The collapse of manufacturing

The collapse of manufacturing

Bruce Vernyi

Wrenching changes in the way that business is done around the world are underway.

Automobile assembly in the United States dropped 60 percent in January compared with the same month a year ago and, in the last quarter of 2008, industrial production dropped 3.6 percent in the United States, 6.8 percent in Germany, 12 percent in Japan and 21.7 percent in Taiwan.

No one has ever seen such precipitous declines in industrial output, and the best-case scenarios are that it will take two years to recover from the fall.

The worst scenarios compare the current economic conditions to the period in the late 1800s known as the Long Depression. Historians agree that that period of economic turmoil was long lasting, but they disagree about whether it started in 1870 or 1873 and whether it ended in 1879 or 1897. And that period of disorder was called the “Great” Depression until the 1930s came along.

We can only hope that what we’re going through now won’t eclipse that depression, and that we’ll emerge from it sooner than later.

However, we have to be aware that the Long Depression and the Great Depression ended the eras and ways of doing business that preceded them.

We are going through another world changing time.

Everyone is making cutbacks, and every business is in a struggle to survive, including magazines. Penton Media — American Machinist’s parent company — is going through a restructuring that has had John DiPaola replacing Robert Rosenbaum as the publisher of American Machinist.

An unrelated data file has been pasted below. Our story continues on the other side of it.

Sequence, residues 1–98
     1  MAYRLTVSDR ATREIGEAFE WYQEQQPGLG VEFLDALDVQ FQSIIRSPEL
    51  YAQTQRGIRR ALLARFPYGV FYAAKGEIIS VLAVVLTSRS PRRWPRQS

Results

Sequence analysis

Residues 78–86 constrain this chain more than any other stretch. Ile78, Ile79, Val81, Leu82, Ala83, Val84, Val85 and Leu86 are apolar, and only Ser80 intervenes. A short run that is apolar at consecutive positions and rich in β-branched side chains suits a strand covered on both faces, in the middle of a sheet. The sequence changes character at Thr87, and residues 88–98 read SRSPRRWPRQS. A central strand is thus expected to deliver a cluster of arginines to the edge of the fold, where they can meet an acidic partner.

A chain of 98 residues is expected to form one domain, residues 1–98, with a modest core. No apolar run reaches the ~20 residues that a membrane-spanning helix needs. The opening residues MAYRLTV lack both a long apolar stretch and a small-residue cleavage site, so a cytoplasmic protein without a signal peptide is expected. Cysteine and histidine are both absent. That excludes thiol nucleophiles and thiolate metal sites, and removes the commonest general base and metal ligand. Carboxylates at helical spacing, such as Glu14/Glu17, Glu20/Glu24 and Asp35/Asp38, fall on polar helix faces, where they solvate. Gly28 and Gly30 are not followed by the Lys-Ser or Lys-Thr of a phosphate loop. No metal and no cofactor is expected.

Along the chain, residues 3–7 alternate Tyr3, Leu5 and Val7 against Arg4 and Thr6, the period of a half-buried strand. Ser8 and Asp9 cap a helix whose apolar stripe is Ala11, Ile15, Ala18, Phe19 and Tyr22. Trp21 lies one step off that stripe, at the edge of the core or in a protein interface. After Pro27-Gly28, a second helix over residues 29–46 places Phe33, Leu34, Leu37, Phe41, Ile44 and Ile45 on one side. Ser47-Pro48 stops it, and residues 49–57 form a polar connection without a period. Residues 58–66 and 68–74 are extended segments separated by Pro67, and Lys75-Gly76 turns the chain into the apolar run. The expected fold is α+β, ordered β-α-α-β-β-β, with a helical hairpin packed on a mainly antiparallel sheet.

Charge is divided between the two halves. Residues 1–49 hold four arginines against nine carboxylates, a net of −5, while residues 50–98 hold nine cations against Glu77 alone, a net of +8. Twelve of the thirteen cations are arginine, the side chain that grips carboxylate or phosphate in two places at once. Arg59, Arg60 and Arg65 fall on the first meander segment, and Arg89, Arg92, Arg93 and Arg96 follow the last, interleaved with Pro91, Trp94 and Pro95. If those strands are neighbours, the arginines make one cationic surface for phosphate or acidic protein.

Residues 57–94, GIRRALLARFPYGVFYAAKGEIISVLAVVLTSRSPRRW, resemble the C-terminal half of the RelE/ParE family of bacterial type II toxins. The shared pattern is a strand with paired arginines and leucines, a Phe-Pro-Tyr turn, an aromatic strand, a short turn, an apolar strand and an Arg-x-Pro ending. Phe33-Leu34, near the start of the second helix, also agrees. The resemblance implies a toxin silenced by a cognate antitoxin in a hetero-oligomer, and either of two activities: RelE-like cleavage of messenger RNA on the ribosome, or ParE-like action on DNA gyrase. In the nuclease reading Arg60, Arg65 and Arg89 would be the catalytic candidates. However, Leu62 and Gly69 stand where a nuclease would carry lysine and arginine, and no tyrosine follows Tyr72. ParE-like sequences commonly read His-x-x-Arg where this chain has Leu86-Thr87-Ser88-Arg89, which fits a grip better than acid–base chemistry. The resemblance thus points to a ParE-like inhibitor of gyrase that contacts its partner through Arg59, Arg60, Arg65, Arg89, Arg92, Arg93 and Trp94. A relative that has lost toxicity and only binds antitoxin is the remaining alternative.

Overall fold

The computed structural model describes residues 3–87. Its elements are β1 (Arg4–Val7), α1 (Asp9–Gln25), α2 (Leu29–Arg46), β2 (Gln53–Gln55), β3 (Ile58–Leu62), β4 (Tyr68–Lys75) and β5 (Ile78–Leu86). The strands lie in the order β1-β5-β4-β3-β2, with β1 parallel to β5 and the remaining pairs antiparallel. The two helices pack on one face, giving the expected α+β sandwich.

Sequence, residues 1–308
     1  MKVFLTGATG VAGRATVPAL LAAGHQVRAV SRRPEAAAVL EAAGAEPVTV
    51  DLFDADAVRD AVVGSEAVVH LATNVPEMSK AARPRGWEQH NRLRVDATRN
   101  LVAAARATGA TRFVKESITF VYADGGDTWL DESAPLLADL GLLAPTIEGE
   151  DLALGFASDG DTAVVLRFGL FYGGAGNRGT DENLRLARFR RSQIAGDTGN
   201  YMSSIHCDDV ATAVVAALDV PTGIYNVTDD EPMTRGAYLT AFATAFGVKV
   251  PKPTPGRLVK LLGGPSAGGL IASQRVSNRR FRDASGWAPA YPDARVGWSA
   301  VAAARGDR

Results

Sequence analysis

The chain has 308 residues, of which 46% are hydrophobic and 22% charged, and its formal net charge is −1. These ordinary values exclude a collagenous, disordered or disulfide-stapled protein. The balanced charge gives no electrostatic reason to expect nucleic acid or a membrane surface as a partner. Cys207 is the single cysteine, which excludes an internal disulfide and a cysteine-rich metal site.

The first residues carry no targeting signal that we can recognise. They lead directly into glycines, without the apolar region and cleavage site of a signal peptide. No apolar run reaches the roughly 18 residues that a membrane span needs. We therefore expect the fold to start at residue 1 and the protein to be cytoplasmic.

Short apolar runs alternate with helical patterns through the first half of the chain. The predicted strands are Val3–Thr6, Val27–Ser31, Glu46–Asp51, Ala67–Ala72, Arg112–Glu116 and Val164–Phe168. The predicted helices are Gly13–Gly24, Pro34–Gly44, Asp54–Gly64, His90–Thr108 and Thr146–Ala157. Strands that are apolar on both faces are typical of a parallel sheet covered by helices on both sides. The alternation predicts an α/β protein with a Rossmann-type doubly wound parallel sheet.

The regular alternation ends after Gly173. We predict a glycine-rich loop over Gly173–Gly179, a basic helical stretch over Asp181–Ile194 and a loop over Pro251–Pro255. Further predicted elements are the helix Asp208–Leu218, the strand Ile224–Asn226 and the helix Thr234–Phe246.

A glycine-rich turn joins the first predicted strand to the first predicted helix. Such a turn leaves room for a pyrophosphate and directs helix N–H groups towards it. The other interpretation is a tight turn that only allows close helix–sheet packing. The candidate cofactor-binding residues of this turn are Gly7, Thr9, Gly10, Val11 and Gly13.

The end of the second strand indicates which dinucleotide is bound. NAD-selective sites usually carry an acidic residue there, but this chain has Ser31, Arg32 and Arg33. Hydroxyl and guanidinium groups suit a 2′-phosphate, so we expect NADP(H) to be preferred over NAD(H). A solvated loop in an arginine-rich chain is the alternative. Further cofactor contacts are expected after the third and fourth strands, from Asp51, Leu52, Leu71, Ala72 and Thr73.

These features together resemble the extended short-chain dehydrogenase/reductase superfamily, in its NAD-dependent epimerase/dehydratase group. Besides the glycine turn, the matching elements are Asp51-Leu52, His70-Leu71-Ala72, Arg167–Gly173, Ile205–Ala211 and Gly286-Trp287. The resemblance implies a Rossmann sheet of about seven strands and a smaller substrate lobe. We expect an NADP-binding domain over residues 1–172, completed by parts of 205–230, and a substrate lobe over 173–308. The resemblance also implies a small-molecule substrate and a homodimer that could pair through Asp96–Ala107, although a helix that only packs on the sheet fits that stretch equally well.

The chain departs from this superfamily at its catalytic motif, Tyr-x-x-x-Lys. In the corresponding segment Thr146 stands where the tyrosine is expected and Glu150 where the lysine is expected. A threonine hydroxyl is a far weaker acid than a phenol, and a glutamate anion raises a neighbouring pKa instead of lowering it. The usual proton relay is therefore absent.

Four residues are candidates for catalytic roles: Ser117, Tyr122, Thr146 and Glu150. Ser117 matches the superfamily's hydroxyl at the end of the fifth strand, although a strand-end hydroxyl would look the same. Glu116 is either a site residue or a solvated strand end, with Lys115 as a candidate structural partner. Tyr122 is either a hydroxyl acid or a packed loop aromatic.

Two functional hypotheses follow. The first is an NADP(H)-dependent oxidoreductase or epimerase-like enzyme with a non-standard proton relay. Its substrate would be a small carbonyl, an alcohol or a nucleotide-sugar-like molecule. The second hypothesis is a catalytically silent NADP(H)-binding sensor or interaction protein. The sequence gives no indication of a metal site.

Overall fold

Rosenbaum had become well known in the industry, and I know that many of you appreciate the work he did to make American Machinist successful over the past four years. I hope you will join me in wishing him well in the future.

However, despite the changes, I want to assure you that I and the other members of our team are continuing to work toward our success now under DiPaola’s leadership.

As with other manufacturing businesses, our struggle is to use the resources that remain in the best ways so that we can continue delivering a quality product to our customers.

Everyone in every sector of the global economy faces the same challenges.

As the numbers that I quoted above point out, these are disastrous times, and pulling through these difficult times will require changing the ways that business is done and developing skills that will help us to salvage the most productive and most efficient parts of our businesses.

Manufacturing is on its own. Congress appears to be making it clear that it will reserve financial bailouts for banks and Wall Street while it grudgingly provides support — in the form of loans — to General Motors Corp. and Chrysler.

Picking manufacturing up from that collapse is going to require greater determination and creativity than ever before. It’s no time to quit.

There still is time to participate in the American Machinist 2009 Machine Shop Benchmark Survey.

Our industry survey is available at www.AMBSurvey.com. Besides providing benchmark data for the machine shop industry, our survey is the first step in participating in the American Machinist “Best Machine Shops” program.

The survey and the “Best Shops” program have been parts of our effort to create a database of operating benchmarks for machine shops, and to recognize shops that are leading the industry with better ways of increasing productivity, serving their customers and making profit.

We started doing this three years ago, and we would like you to join our effort. All you need to do to get involved is fill out the survey. That will take 45 to 60 minutes of your time.

Bruce Vernyi
Editor-in-Chief
[email protected]

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